Facial Masking

Understanding Facial Masking and its Communication Hurdles

Professor Linda Tickle-Degnen and her graduate student researchers are exploring the communication hurdles faced by those with Parkinson’s disease and how they can be overcome.

The man in the video sits alone at the Tufts Health Quality of Life Lab speaking to an off-camera voice about, of all things, a wedding he recently attended. On the surface, there’s nothing unusual about the conversation, but as the tape goes on, a curious flatness in his voice and manner become apparent. Linda Tickle-Degnen, lab director and professor and chair of the School of Arts and Sciences occupational therapy department, lets the video run for a few minutes before she begins pointing things out. She starts with the man’s lower body, noting that he hasn’t moved or otherwise repositioned himself since the interview began. Next, she calls attention to his left hand, which has been trembling slightly. She ends with his face, but no explanation is necessary: he’s remained almost expressionless. To the untrained eye, the man appears disinterested, even bored.

But to Tickle-Degnen, it’s clear that the subject, a Parkinson’s patient, is exhibiting “facial masking,” a symptom in which facial muscles become immobilized and the patient has what can best be described as a blank expression. “The face is the primary way we communicate with other people,” says Tickle-Degnen, who has been researching nonverbal and verbal communication among people with Parkinson’s and other diseases for the past twenty years. “We tend to believe the actions of a person more than their words if we feel there is a discrepancy between the two. So, a person with Parkinson’s disease may be talking about their feelings and saying that they are really enjoying life but may not be believed.”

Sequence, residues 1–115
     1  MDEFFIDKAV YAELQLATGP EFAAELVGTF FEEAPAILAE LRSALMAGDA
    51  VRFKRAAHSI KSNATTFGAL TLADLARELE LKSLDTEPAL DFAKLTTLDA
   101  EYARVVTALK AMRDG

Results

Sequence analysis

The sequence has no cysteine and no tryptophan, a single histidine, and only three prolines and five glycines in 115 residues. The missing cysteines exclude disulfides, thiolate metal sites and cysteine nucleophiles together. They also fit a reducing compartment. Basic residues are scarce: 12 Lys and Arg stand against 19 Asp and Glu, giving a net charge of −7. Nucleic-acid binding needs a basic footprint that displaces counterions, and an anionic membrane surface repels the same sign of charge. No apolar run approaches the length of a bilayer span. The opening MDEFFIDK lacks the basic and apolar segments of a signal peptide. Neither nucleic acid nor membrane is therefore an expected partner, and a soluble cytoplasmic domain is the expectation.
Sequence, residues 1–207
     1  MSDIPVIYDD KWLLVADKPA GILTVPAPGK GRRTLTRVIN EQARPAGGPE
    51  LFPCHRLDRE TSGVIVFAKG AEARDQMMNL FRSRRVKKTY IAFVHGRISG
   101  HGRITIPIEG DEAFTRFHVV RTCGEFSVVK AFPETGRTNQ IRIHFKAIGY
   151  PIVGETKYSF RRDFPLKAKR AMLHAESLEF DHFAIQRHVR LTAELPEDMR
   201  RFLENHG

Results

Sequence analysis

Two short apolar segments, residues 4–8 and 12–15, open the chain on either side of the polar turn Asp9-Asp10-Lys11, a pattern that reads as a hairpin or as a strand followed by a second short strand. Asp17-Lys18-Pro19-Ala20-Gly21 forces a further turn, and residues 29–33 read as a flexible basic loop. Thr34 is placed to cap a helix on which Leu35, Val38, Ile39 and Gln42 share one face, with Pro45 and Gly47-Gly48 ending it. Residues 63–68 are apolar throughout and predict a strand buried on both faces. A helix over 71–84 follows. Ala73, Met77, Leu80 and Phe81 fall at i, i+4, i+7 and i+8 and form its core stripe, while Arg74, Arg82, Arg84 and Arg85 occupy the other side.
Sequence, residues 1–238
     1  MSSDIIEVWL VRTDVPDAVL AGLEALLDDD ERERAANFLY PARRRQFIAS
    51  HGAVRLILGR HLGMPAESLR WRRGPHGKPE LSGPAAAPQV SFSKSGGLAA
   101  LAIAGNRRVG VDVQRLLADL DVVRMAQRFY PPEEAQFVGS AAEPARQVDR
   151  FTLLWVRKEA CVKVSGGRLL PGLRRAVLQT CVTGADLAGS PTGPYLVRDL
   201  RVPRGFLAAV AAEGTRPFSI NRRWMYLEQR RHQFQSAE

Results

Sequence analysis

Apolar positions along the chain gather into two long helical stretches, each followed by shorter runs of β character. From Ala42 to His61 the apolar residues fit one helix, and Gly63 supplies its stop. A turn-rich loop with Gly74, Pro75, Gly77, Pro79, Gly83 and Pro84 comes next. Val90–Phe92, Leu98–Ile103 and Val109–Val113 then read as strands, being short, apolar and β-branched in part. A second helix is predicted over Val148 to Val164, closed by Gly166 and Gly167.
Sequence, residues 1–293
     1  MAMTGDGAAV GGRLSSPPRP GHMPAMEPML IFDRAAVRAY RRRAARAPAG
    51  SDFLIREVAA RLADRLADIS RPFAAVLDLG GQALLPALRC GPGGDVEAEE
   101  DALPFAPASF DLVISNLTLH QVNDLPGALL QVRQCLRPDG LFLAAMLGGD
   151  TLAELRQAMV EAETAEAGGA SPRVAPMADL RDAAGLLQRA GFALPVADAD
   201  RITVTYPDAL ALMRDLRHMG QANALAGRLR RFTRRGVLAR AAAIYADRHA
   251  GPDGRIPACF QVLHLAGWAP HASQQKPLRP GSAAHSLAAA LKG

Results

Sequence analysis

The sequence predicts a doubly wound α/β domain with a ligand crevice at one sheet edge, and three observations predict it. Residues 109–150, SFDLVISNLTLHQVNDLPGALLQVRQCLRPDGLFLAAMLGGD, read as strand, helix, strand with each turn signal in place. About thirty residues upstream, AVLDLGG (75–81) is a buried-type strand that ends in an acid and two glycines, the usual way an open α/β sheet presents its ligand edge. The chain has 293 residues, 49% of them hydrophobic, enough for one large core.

If the goal of occupational therapy is to provide “skills for the job of living,” then the work being done at the Tufts lab could be instrumental in helping those with Parkinson’s express themselves and be understood. Right now, the research is focused on improving communication in an area where many such patients have important relationships—the healthcare system. “Practitioner-patient interactions are social relationships,” says Tickle-Degnen. “If a neurologist, speech therapist, or occupational therapist gets the feeling that the person they’re working with is disinterested or depressed, then this relationship can be affected.”

Tickle-Degnen notes that practitioners sometimes “fail to talk to the person about their feelings because facial masking consistently causes a perception of depression, deception, hostility, and apathy in practitioners—even when they are experts.”

“If there was a way that we could train practitioners to better detect how positive or negative a person was feeling,” she adds. “We could help strengthen these relationships.”Parkinson’s symptoms include tremors, limb stiffness, and difficulty moving and maintaining balance. If you add the vocal challenges of Parkinson’s to the mix—some, like the man in Professor Tickle-Degnen’s video, may also have difficulty modulating the tone of their voices—it would seem as if the obstacles to effective communication with the outside world are insurmountable. But Tickle-Degnen would disagree, and she has about 500 reasons why.